What to Expect from the 2020s

We asked veterinarians for their thoughts on the key challenges and opportunities for success in eight categories during the decade of the 2020s. ( Lori Hays )

During the past decade, we saw numerous changes in beef and dairy production, and in the ways veterinarians serve those industries. These include the emergence of remote monitoring, advanced data systems, new diagnostic tools, genomic technologies, acceleration of antibiotic-resistance in cattle pathogens and drug resistance in cattle parasites.

Most of these trends will continue through the 2020s, and we’ll see the emergence of new trends, new insights and applications for science and technology in animal agriculture, along with changes in regulations, production practices, consumer perceptions and preferences.

While no one can predict every trend, veterinarians serve as forward-looking change agents in animal agriculture, as they continuously evaluate new systems, products, practices and philosophies for potential adoption on their clients’ operations.

With that in mind, we asked veterinarians for their thoughts on the key challenges and opportunities for success in eight categories during the decade of the 2020s. Following are their responses related to Antibiotic Stewardship.

John Maas:  Drug use is set to change via FDA regulations.  The final rule will be set sometime in 2020 with a two-year phase-in and changes by 2023 wherein all antibiotic use will be by veterinary prescription. Responsibility for judicious use will fall on the veterinarian and the producer, and while some are already implementing the changes, others will wait until the last minutes. Mistakes will impact all segments negatively.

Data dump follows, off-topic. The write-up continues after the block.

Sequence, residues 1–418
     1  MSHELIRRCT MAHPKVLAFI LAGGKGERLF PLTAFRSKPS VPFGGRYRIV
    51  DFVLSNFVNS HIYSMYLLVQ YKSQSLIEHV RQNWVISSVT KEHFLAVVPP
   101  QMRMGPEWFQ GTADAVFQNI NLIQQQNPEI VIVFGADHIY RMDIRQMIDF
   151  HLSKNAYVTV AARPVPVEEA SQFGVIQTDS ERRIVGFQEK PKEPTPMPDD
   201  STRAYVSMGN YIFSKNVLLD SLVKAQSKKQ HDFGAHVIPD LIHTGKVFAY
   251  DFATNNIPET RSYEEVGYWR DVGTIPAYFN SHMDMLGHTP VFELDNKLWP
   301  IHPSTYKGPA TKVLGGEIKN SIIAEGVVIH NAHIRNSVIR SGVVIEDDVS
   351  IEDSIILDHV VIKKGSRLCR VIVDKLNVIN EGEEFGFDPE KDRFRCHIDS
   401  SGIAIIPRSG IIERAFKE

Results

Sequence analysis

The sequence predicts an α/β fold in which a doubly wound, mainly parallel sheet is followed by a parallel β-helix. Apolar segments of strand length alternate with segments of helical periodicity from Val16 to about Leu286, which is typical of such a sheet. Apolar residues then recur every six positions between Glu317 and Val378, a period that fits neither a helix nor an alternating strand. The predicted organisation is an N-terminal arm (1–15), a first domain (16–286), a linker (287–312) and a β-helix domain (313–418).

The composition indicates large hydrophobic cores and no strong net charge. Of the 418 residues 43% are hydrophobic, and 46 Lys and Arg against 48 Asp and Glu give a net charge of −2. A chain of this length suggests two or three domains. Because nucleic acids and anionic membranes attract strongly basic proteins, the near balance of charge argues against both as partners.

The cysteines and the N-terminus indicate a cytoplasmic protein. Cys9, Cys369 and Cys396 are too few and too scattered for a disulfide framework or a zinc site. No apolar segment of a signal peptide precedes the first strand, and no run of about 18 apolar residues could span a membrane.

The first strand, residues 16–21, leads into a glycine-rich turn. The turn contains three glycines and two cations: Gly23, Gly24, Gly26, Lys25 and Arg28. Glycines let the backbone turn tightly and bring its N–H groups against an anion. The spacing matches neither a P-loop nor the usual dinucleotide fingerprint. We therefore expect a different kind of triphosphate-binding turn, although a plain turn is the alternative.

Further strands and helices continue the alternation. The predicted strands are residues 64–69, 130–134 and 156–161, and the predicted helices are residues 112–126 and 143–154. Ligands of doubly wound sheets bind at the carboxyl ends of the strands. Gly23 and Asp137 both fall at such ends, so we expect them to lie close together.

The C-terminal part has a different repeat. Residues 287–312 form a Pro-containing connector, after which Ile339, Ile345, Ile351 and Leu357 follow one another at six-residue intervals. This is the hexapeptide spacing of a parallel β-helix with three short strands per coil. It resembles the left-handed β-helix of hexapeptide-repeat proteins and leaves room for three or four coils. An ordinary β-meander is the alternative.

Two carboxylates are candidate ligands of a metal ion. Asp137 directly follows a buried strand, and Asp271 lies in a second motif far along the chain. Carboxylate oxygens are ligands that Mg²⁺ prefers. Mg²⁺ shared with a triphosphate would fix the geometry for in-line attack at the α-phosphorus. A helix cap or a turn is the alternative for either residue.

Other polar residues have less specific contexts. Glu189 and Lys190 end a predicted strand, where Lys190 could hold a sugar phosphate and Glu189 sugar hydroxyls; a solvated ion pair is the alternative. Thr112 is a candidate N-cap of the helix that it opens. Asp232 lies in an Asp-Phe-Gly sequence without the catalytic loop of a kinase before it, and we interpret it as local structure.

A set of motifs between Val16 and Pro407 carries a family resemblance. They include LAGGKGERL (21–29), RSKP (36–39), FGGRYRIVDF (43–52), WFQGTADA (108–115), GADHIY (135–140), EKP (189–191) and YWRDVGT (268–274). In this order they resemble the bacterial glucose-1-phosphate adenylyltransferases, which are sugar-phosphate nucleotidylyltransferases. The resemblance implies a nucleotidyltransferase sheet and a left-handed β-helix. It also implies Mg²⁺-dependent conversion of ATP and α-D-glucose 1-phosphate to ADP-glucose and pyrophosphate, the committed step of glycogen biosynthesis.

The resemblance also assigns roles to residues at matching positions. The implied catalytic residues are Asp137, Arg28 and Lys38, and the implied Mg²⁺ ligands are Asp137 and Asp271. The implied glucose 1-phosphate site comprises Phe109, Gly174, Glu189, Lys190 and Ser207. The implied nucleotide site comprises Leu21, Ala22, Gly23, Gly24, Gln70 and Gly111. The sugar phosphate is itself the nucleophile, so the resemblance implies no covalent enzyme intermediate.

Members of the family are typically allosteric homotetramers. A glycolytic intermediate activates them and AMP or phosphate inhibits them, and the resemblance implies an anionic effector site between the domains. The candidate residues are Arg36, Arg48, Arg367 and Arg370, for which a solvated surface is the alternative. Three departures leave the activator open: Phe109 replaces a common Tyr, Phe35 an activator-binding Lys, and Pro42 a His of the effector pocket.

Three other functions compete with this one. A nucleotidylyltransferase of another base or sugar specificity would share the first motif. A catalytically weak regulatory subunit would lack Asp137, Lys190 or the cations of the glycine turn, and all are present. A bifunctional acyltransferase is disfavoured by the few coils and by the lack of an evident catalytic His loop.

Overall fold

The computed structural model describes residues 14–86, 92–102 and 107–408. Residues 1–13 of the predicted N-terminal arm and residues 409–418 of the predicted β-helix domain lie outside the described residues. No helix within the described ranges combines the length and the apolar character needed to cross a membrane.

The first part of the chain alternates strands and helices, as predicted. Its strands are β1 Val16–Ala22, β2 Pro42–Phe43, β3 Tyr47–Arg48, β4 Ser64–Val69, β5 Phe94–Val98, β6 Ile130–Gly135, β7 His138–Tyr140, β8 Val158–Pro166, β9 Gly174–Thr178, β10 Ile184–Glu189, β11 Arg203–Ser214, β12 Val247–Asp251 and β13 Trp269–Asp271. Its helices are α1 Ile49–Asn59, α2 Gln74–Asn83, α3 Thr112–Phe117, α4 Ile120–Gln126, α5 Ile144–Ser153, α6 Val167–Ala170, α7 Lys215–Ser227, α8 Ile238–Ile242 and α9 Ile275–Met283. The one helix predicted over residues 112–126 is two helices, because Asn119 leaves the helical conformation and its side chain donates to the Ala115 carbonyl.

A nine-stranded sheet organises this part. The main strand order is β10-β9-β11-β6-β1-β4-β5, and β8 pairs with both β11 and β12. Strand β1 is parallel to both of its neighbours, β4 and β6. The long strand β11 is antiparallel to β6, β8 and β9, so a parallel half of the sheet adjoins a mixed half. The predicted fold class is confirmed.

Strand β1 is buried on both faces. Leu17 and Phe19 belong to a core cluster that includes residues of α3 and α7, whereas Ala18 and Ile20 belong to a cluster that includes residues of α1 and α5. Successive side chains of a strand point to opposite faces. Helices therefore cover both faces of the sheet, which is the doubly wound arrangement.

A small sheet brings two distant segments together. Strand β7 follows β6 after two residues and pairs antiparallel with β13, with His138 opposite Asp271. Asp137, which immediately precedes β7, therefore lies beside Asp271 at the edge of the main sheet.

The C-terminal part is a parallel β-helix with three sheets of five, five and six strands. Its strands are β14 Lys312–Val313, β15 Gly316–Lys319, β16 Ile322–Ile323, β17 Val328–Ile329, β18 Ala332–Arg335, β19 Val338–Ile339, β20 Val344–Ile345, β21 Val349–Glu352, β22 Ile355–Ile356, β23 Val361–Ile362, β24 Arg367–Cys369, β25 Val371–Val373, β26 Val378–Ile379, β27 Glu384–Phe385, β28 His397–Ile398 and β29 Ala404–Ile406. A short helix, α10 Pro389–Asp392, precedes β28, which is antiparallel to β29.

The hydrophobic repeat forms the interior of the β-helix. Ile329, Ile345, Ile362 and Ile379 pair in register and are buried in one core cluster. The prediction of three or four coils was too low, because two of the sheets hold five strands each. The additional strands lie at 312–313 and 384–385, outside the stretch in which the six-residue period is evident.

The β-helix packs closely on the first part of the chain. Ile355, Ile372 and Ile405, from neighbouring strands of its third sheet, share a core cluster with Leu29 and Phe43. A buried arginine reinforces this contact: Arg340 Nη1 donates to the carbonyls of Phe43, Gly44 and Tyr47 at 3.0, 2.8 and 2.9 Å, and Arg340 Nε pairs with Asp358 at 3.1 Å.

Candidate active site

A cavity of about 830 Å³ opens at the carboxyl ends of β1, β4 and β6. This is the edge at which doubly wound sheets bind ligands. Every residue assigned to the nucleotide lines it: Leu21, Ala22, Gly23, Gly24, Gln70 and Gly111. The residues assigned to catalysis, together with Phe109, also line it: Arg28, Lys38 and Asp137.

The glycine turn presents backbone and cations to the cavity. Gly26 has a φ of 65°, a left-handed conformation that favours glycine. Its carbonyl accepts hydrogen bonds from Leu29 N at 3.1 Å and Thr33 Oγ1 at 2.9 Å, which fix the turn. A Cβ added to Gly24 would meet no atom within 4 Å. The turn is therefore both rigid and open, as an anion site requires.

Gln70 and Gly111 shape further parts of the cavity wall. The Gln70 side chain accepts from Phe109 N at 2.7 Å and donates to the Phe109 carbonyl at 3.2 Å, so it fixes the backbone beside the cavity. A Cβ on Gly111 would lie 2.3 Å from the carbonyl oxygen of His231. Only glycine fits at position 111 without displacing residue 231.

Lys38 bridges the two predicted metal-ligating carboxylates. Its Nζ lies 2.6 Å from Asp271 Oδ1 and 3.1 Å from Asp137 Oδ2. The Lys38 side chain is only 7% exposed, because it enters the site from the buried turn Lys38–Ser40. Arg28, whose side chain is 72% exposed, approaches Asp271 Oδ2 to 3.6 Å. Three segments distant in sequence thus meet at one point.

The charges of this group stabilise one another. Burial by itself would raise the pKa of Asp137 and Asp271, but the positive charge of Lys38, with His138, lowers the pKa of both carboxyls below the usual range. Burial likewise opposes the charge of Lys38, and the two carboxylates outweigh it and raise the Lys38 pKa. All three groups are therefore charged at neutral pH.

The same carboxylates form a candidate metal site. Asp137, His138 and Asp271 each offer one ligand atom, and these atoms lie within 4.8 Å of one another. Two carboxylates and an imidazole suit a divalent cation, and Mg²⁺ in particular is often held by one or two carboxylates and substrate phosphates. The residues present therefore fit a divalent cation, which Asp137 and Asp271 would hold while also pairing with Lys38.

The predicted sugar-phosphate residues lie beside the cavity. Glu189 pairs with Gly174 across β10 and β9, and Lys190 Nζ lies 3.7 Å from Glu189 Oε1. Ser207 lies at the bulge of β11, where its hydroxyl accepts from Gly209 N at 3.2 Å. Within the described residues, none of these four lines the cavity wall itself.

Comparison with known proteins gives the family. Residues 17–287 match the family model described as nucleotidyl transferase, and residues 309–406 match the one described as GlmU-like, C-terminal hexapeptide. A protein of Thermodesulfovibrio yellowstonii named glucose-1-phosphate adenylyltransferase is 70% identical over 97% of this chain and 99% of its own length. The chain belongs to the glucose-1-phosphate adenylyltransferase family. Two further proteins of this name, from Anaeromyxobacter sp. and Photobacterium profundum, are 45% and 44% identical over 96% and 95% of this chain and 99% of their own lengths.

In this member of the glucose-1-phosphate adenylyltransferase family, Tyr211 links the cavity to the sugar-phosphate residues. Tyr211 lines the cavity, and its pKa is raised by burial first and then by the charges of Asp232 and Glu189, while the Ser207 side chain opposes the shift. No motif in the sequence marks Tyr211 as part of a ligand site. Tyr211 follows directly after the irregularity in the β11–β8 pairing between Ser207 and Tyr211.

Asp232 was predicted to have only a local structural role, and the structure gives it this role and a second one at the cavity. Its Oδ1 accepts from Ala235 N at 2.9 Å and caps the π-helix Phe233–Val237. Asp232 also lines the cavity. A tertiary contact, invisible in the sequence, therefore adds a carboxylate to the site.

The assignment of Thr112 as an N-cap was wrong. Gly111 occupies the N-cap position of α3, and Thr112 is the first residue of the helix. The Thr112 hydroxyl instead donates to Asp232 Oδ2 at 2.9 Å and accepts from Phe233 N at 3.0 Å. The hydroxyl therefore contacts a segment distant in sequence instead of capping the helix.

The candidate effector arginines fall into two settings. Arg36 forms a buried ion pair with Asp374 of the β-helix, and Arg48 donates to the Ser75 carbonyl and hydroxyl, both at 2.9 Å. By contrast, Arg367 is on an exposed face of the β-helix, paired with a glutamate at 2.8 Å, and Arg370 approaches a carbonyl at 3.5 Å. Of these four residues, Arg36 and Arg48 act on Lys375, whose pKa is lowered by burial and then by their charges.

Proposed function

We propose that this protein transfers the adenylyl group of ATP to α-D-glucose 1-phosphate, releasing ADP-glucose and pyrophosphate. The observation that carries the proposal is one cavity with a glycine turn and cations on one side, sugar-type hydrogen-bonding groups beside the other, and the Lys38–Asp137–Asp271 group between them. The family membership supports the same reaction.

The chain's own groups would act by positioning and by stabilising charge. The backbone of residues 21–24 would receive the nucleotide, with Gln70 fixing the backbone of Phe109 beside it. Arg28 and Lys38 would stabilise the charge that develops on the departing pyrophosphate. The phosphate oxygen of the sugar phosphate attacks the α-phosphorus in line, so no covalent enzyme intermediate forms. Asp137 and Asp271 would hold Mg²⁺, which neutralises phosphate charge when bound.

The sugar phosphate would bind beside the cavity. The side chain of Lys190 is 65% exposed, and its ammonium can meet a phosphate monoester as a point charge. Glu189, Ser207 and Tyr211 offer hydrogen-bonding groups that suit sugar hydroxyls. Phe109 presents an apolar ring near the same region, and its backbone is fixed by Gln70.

Dee Griffin:  RWOA (raised without antibiotics) may become common labeling on beef in the near future and I suspect will start with a large feeder group joining forces with a packer and a major retailer. This could involve 3 million finished cattle in the beginning and growing to 25% of all finished cattle.  It seems to me a much easier label to achieve than giving up growth-promoting implants. The RWOA may only apply to the finish feeding phase.  Other than liver abscesses, which will remain a tough issue, we know how to implement management systems to minimally rely on antibiotics, which will put pressure on prices paid for high-risk cattle. 

Jacob Geis:  The FDA will continue to place veterinarians in an unpaid regulatory role through oversight of antibiotic use, with more responsibilities over time. However, with new information being gained every day about the gut microbiome and its influence on health, we may be looking at new solutions that preclude the use of antibiotics.

Fred Gingrich:  We do not want arbitrary reduction goals for antibiotic use. Rather, we would like to see implementation of judicious use principals and stewardship on every farm. The veterinarian and producer should evaluate treatment records and inventory purchases to implement management changes to decrease use.

Renee Dewell, DVM, PhD, Iowa State University: Antibiotic usage- There will be increased opportunities to strengthen relationships with producers as over-the-counter antibiotics require prescriptions. I also expect to move away from mass medication. We will continue to advance and embrace a systems-management approach to problem solving, such as, rather than mass medication high-risk calves, we can apply techniques to decrease handling stress, or insist calves are properly vaccinated and weaned prior to arriving at the feedyard.

Tom Furman: VFDs continue to take time, energy, and devotion from the veterinary community and the animal ag community alike.  On top of that issue, dart guns are more prevalent now because of the lack of qualified cowboys to go out and "catch" animals for treatment.  Inconsistent doses could result in resistance to the low-volume antibiotics favored for remote delivery.

Calvin Booker: Veterinarians will be given the opportunity for more responsibility and accountability for overseeing antimicrobial and pharmaceutical use in bovine production. It will be up to the veterinary profession and individual veterinarians to demonstrate we are worthy of serving in this role.

For responses relating to other subject categories, see these articles on BovineVetOnline:

Part 1: Client Services and Communications

Part 2: Medical Technology

Part 3: Animal genetics

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